Thursday, March 17, 2016

Magnolia Blossoms_Part II



I managed to get outside yesterday between the rain showers and captured these pictures of the magnolia in my yard.  These shots are the best ones of the 415 that I took.  I ended up deleting more than a hundred. I'm the kind of photographer who believes in taking a lot of shots and then culling through them to find the best ones. That luxury didn't exist when using film.

My neighbors probably think I'm crazy. Someone driving by yesterday had to come to a stop before proceeding down the street.

















Magnolia Blossoms_Part I

Part I of my annual post of magnolia blossoms appears below. The spring has hit my area about a month sooner than normal.














Tuesday, March 01, 2016

Remembering County Down

Recently, while looking through some of the traditional Irish music on YouTube, I encountered the song "County Down," a ballad written by Tommy Sands. There are a couple of versions available, one sung by Muireann Nic Amhlaoibh when she was part of the Irish band Danu and one sung by Joanna Boyle, who was a member of the Irish band Sioda when it was active a couple of years ago. My favorite version is the one sung by Joanna Boyle because it strikes me as more mournful and more emotionally touching.






For those of you unfamiliar with the geography of Ireland, County Down is one of the six counties that make up Northern Ireland, otherwise known as Ulster.  Bangor, a seaside resort alongside Belfast Lough, is located in County Down; the Mountains of Mourne, which look onto the Irish Sea, can be found in County Down as well.

My mother, who was raised by her grandmother, her aunt, and her father in a row house in Belfast, used to spend her summers in Bangor where she stayed with another aunt and her three cousins. It was a place that she always spoke fondly of when I was growing up. In the late 1960's, during the two years my father was stationed in Scotland, I spent a month each summer in Bangor. We rented a lovely bungalow overlooking Belfast Lough that first summer; the second house we rented wasn't as nice and was located among a lot of houses with no view to speak of.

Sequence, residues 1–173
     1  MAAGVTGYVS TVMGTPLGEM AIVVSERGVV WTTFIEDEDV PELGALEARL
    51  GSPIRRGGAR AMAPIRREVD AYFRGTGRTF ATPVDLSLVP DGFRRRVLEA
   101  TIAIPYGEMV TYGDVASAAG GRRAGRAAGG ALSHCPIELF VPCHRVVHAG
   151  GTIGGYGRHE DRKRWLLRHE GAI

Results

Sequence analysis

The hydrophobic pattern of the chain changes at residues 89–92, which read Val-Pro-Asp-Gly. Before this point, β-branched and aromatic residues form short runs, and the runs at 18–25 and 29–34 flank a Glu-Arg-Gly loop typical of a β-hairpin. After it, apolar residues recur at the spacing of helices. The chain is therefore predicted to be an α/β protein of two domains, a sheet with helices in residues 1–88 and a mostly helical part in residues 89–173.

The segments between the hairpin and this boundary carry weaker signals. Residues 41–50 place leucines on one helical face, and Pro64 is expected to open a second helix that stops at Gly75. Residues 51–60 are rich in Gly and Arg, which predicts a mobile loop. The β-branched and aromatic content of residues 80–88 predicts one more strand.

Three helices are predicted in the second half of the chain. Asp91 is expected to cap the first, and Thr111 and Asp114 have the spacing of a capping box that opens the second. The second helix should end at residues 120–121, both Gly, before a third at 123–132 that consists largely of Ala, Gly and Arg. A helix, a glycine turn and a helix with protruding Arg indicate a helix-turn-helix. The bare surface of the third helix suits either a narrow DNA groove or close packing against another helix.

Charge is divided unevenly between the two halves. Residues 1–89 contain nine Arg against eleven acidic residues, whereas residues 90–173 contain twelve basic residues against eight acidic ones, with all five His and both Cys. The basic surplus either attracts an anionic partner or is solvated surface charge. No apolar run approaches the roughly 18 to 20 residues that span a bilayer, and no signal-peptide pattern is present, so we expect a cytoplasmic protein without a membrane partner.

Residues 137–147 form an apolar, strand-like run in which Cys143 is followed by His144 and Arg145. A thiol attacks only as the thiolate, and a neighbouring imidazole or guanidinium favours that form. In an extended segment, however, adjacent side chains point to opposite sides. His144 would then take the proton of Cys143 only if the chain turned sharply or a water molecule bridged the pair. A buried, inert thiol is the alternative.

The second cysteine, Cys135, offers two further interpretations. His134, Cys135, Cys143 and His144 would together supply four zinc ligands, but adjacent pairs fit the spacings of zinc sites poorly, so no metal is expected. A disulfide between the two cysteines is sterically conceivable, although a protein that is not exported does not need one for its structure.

After my father retired from the Navy, he and my mother first lived in England to be close to my grandfather, who was living in Cambridge. After my grandfather died, my folks moved to Northern Ireland and bought the same house in Bangor that my mother had imagined owning when she was a girl. That's where they remained until they both died. Nearly all of my Irish relatives are dead now. My relatives remaining in Northern Ireland are only distantly related--second cousins, to be exact.

Some of my memories are walking along the pathway overlooking the lough when going from Bangor West to the shops in Bangor, riding the ferry across Strangford Lough when traveling to the Mountains of Mourne with my wife and my folks, and proposing to my wife in a glen in Crawfordsburn Country Park.

At some point, my wife and I hope to visit Bangor, among other places in Ireland. It will give me a chance to see where my folks are buried, not having been able to travel to Ireland when they were dying and when they were laid to rest.